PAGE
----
Diversify U-Little soccer programs with futsal

While Shoeless Soccer (see previous post) touts hard surfaces as a great teaching tool for younger players, especially as an alternative to thick grass, it’s unlikely that all of the families in your local club are going to sign up their kids to play on pavement instead of the local elementary school field.

But would it be an interesting option for some players? And would everyone benefit if hard-surface soccer (we’re going to skip the “shoeless” and “shin guard-less” recommendations, which clubs aren’t going to sanction in a modern litigious environment) as a year-round option, not just in winter futsal?

I’m still a little skeptical that a typical random assortment of 6-year-olds will stop playing magnetball and magically start spreading out and controlling the ball just because they’re on a faster surface than grass. But a self-selected group of 6-year-olds with a bit more aptitude for the game just might.

I once coached a player from Argentina. He turned up at our first practice in a Messi shirt and impressed everyone at practice with his footskills. Then he was a non-factor in games because he could never get the ball out of the mob that chased it around the field. I didn’t see him again after that season.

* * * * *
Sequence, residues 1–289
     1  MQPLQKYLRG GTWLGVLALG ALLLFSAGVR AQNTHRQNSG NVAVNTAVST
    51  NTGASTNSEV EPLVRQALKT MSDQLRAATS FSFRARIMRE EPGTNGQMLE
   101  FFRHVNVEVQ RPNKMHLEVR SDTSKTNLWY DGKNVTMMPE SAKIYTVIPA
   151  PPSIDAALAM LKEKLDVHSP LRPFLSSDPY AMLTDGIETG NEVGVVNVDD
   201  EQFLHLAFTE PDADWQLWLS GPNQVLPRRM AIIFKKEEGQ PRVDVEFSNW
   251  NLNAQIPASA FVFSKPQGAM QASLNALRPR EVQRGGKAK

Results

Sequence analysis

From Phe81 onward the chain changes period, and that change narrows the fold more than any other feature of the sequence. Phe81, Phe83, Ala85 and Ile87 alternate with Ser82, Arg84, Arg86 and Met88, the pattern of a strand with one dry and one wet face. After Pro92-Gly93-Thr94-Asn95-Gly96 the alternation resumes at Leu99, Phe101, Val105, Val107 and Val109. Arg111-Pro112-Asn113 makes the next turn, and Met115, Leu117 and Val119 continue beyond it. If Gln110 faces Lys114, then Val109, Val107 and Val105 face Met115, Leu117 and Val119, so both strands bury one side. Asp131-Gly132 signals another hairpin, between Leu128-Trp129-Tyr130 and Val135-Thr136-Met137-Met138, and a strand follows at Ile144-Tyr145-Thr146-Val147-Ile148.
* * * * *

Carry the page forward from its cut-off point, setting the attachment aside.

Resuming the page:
Another player on my U-Little teams had a knack for running into open space, where he would wait for a pass that would set him up for an easy goal. That pass never came. He plays baseball now.

Maybe if the club offered an alternative soccer experience, it would attract like-minded players who could grasp the concept of using all the available space, not just the space around the ball.

So here’s an idea for your local club: Offer futsal not just in the winter but in other seasons as well. Kids could sign up for this instead of or in addition to the traditional outdoor league.

And you can make the financial argument that you’ll have more “field” space! One reason so many kids play on bad grass fields is because clubs are desperate. If some kids are playing in gyms, which are mostly vacant when it’s not basketball season, fewer kids need outdoor fields.

Surely some clubs are already doing this. How’s it working?

One thought on “Diversify U-Little soccer programs with futsal